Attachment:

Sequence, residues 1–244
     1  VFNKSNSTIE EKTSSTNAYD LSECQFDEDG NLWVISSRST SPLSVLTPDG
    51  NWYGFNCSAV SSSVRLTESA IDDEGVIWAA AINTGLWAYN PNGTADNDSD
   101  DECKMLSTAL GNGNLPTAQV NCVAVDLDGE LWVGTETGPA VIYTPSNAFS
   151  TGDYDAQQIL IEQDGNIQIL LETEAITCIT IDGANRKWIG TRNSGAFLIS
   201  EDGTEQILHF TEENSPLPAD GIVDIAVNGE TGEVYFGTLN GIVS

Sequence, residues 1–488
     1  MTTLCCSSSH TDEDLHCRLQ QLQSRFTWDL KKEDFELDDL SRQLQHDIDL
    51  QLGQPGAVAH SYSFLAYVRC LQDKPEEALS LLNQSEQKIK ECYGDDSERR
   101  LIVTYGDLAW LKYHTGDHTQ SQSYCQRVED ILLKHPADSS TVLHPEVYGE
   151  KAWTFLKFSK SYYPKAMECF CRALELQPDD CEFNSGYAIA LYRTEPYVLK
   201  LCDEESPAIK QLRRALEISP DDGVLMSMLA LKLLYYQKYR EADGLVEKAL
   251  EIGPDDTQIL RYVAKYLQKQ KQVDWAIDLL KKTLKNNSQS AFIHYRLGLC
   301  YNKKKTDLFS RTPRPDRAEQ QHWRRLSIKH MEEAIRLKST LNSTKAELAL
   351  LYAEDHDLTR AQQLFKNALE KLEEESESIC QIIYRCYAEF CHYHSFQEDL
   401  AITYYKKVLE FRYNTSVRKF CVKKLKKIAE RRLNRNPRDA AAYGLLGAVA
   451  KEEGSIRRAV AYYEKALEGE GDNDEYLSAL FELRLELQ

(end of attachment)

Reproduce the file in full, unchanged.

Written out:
Sequence, residues 1–244
     1  VFNKSNSTIE EKTSSTNAYD LSECQFDEDG NLWVISSRST SPLSVLTPDG
    51  NWYGFNCSAV SSSVRLTESA IDDEGVIWAA AINTGLWAYN PNGTADNDSD
   101  DECKMLSTAL GNGNLPTAQV NCVAVDLDGE LWVGTETGPA VIYTPSNAFS
   151  TGDYDAQQIL IEQDGNIQIL LETEAITCIT IDGANRKWIG TRNSGAFLIS
   201  EDGTEQILHF TEENSPLPAD GIVDIAVNGE TGEVYFGTLN GIVS

Sequence, residues 1–488
     1  MTTLCCSSSH TDEDLHCRLQ QLQSRFTWDL KKEDFELDDL SRQLQHDIDL
    51  QLGQPGAVAH SYSFLAYVRC LQDKPEEALS LLNQSEQKIK ECYGDDSERR
   101  LIVTYGDLAW LKYHTGDHTQ SQSYCQRVED ILLKHPADSS TVLHPEVYGE
   151  KAWTFLKFSK SYYPKAMECF CRALELQPDD CEFNSGYAIA LYRTEPYVLK
   201  LCDEESPAIK QLRRALEISP DDGVLMSMLA LKLLYYQKYR EADGLVEKAL
   251  EIGPDDTQIL RYVAKYLQKQ KQVDWAIDLL KKTLKNNSQS AFIHYRLGLC
   301  YNKKKTDLFS RTPRPDRAEQ QHWRRLSIKH MEEAIRLKST LNSTKAELAL
   351  LYAEDHDLTR AQQLFKNALE KLEEESESIC QIIYRCYAEF CHYHSFQEDL
   401  AITYYKKVLE FRYNTSVRKF CVKKLKKIAE RRLNRNPRDA AAYGLLGAVA
   451  KEEGSIRRAV AYYEKALEGE GDNDEYLSAL FELRLELQ